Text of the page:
Easter & Beyond: 8 Tips for Churches to Consider as They Prepare Digital Services
Recent Barna data show that, in light of the COVID-19 crisis and social distancing guidelines, a majority of U.S. pastors (70%) intends to hold a digital Easter service this year, with 51 percent sharing plans to livestream online and another 19 percent recording an Easter message—whether by video or podcast—to send out to congregants.
As church leaders prepare for this digital Easter, as well as services beyond the upcoming holy day, we want to share some tips, advice and insights offered by faith experts and fellow church leaders for the current moment and coming days.
For further analysis and more advice on how other pastors are leading in this new era of ministry, tune into the ChurchPulse Weekly podcast, broadcast live each Monday with new episodes available each Thursday wherever you get your podcasts.
“If you as a pastor have a certain way you preach or approach [the Easter message], I think it’s important for you to do your best to bring who you are to the message,” Bobby Gruenewald, pastor and Innovation Leader at Life.Church and founder of the YouVersion Bible app, recently shared on the ChurchPulse Weekly podcast. “It’s great if you can have some level of worship incorporated in it as well. It doesn’t have to be the same type of experience as you would have in your physical environment. … So whatever that looks like—people are relatively forgiving right now—I would incorporate some aspect of worship into what’s being built for Easter.”
Don’t Feel Pressure to Get All the Gear
“Even if you’re not doing weekly online gatherings right now, there should be sufficient time to build some type of a video experience [for Easter],” encourages Gruenewald. “If all you have is a smartphone to record, it’s possible to get a reasonable quality video. I also know that there are some larger churches that are, if possible, opening up their studios to let smaller churches record their Easter services. I think this is a great example of how churches that have resources can help support churches that don’t during this time.”
Less Is More
“It’s always better to do less, but do it at a higher quality,” says Joe Jensen, Director of Strategic Projects and Church Engagement at Barna. “I think a lot of churches are a little frustrated right now because what they usually produce on a Sunday morning is nearly impossible to reproduce on a digital platform. Don’t feel like you have to replicate exactly what you do on a Sunday morning. Like Bobby [Gruenewald] said, do worship when you can, but don’t feel like you have to do it exactly as you would on a Sunday if you don’t have the capabilities to deliver that online.”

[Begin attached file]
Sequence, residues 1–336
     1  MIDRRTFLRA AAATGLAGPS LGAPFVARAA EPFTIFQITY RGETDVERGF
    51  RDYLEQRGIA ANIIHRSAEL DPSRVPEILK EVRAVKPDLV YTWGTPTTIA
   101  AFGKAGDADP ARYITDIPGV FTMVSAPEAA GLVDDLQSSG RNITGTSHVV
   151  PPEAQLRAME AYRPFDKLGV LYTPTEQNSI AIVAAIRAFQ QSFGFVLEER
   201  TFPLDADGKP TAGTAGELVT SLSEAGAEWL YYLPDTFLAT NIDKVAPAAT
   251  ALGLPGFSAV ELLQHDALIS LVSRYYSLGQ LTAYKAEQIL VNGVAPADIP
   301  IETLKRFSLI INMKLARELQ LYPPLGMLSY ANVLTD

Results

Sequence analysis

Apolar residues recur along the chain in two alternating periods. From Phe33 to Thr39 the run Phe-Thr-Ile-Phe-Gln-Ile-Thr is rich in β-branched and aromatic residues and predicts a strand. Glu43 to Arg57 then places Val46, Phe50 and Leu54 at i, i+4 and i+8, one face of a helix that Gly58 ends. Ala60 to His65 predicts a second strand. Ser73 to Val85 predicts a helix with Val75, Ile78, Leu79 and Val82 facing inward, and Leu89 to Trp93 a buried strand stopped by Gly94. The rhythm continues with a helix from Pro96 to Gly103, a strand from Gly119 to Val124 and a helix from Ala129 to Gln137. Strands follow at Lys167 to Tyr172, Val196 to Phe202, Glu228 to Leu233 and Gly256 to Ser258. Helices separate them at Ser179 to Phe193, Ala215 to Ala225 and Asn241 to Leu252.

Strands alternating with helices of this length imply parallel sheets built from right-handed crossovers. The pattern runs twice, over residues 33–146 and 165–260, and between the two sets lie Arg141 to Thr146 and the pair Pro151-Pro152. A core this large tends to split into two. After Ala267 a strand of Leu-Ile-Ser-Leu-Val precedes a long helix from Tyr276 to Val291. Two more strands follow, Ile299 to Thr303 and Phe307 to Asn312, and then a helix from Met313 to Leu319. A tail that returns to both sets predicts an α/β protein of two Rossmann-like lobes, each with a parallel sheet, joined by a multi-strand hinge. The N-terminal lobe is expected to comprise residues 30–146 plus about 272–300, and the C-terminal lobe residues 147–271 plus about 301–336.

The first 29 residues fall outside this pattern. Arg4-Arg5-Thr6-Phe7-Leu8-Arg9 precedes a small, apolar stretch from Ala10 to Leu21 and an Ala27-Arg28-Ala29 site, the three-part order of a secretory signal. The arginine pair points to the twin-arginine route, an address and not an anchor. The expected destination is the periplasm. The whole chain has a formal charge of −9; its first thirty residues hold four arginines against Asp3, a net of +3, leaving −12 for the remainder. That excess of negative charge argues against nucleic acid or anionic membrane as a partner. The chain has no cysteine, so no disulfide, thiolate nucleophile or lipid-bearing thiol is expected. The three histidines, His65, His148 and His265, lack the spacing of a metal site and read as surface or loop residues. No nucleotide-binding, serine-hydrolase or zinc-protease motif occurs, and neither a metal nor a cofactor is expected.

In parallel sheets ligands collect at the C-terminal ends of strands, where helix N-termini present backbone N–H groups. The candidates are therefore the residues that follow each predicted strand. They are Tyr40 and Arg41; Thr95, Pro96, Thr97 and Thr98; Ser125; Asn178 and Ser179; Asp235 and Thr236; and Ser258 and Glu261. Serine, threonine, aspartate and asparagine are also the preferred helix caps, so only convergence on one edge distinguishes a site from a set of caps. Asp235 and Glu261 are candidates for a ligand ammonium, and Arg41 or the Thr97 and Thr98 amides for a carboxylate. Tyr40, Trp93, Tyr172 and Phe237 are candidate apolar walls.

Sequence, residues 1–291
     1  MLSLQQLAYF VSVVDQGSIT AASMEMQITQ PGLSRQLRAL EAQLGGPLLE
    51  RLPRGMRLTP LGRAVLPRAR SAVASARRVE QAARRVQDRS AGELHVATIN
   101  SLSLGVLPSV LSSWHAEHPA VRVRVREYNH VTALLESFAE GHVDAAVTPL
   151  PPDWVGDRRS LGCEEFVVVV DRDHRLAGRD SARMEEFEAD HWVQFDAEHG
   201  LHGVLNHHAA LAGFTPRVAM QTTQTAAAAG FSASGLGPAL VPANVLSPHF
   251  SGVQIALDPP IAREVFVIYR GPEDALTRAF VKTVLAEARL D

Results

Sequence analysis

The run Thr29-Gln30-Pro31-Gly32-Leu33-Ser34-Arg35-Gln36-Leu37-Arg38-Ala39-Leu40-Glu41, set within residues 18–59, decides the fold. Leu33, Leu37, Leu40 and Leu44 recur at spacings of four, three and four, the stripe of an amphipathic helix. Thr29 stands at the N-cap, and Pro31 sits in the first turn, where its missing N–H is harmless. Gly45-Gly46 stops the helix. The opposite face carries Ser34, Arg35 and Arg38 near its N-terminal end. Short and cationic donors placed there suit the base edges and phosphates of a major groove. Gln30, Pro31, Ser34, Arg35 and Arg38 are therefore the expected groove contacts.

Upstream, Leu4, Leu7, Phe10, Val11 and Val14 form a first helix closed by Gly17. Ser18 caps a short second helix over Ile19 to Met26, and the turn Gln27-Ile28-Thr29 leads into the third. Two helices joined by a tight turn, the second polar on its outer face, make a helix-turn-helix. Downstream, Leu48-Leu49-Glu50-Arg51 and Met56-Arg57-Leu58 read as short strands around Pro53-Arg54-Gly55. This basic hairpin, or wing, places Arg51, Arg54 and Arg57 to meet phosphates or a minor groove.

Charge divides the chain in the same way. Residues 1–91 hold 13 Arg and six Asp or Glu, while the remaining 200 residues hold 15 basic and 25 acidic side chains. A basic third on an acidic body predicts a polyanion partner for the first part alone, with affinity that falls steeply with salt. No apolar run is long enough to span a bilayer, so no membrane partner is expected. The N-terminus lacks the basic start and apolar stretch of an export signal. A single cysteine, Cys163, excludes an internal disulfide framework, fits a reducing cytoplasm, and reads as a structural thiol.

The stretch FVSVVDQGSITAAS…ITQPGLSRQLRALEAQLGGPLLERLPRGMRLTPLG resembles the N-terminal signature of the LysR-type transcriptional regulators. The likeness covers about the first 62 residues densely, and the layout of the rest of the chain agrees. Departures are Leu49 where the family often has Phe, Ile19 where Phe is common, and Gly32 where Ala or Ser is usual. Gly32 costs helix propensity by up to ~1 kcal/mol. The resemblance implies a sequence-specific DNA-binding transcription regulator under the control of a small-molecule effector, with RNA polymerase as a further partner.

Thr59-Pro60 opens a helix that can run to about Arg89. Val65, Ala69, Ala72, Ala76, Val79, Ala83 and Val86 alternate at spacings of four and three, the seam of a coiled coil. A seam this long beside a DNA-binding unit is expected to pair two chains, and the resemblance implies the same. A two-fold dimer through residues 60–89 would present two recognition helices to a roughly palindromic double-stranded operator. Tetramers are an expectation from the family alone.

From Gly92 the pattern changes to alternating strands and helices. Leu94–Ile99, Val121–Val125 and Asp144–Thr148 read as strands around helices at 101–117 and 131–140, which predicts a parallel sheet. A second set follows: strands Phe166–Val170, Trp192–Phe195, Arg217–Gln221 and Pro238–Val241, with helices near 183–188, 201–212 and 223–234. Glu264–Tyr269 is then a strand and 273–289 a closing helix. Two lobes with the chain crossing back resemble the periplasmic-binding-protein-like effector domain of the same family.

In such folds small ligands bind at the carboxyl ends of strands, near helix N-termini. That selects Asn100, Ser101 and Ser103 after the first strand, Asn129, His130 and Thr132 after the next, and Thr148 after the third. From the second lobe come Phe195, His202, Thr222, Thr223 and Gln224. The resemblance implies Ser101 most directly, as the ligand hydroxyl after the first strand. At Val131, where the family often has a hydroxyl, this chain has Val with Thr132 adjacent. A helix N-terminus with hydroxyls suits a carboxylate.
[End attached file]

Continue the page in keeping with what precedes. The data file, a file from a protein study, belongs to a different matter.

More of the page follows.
“This also goes for presenters,” continues Jensen. “Perhaps this means when you’re teaching, you simplify your main points so your audience can more easily engage with the message. I also think there are some implications here for kids and youth. It’s great if you can have kids’ programming, but one of the positive aspects of what’s going on right now is that families are engaging church together. So, be true to yourself, but also think about how you’re engaging the family as a whole, not just the adults.”
Go Live When Possible
“What my husband and I have been doing and what I’ve been encouraging others to do is to answer questions real-time,” notes Nona Jones, head of faith-based partnerships at Facebook and co-pastor at Open Door Ministries in Gainesville, Florida. “Invite people to ask questions, invite people to comment. If you can, go live. Acknowledge [your congregants] as they come online; people need that acknowledgement right now more than anything.”